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Kevin Leab's Blog

21 Mar 2021

The 1916 D Mercury Dime

| Kevin Leab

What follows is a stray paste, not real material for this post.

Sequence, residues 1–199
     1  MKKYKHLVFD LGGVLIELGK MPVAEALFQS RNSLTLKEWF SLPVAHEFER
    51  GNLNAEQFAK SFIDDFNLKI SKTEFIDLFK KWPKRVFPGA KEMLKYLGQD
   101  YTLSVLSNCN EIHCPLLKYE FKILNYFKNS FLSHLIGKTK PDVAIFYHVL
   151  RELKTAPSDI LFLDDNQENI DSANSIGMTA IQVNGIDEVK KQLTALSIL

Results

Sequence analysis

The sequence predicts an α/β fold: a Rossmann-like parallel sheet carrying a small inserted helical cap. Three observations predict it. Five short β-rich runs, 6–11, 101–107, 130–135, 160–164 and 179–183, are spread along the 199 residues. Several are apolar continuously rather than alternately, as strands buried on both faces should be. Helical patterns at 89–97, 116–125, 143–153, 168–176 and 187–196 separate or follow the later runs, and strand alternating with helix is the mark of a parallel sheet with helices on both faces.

The Mercury Dime was minted between 1916 and 1945 and was designed by Adolph Weinman (1870-1952). Also known as the Winged Head Liberty Dime, Weinman is believed to have used Elsie Stevens as the model for the obverse of this coin. The key date to this series is the 1916 D with a mintage of only 264,000, how many have survived to this date is unknown, but there are many fakes or counterfeits out there to be aware of, and they far outnumber those that have been lost, missing, melted or otherwise. It is entirely up to you to take the chance on buying one raw.. With any key date coin it is always wise to buy one authenticated by one of the top TPGs. If you know how to detect a fake and you have a trained eye for these things then you know what you're doing. As a novice, I wouldn't suggest spending the money to buy a key date raw....unless you know all of the things to look for. There are tooling marks and die varieties and 4 different mintmark placements that you must look for with a loupe. (photos below). There was four dies used for the reverse of the 1916 D Dime also....You should study those and know what they look like. Before I dive into spending a lot of money on a key date, I buy a book on the coin and/or I read the info online from a reputable web site such as NGC, PCGS or ANACS. The values of the key dates in any series keep rising. Can you take a chance on an expensive raw coin for a few thousand dollars only to find out years later that its worth nothing? In the Virgil Hancock/Larry Spanbauer book "Standard Catalog of United States Altered and Counterfeit Coins" it states how many of these 1916 D Mercury Dimes were counterfeited including "Sandwiching" which means putting a 1916 Mercury Dime from Philadelphia on top of a common Denver "D" minted coin and fusing them together. There have been individuals that worked at the Philadelphia "factory" (as they put it in the book) who have altered the coin there by creating the "D" by melting and forming a "D" on the reverse, which is called "chasing" because you're "chasing" the silver around and forming a "D" into a mound to look like the desired mint mark. Another way to detect a counterfeit coin is by the tooling marks (photo below) especially around the inside rim and around the mint mark. There are many stories of old widowed ladies cashing in on her deceased husbands prized collections to only lead to disappointment. Its hard to tell how many raw 1916 D dimes are stuck away in old albums . I hope this blog has informed you and at least entertaining. The reason I wrote this is because I just bought one of these myself....authenticated by PCGS of course. Thanks for reading

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